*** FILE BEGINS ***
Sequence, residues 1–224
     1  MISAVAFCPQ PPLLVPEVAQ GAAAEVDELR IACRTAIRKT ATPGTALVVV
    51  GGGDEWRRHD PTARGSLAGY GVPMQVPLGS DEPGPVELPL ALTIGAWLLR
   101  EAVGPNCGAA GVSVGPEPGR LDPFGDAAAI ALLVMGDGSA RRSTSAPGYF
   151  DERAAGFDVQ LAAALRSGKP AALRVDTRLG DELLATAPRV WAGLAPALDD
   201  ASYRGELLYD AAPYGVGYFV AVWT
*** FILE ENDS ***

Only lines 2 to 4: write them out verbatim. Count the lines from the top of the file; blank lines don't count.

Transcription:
     1  MISAVAFCPQ PPLLVPEVAQ GAAAEVDELR IACRTAIRKT ATPGTALVVV
    51  GGGDEWRRHD PTARGSLAGY GVPMQVPLGS DEPGPVELPL ALTIGAWLLR
   101  EAVGPNCGAA GVSVGPEPGR LDPFGDAAAI ALLVMGDGSA RRSTSAPGYF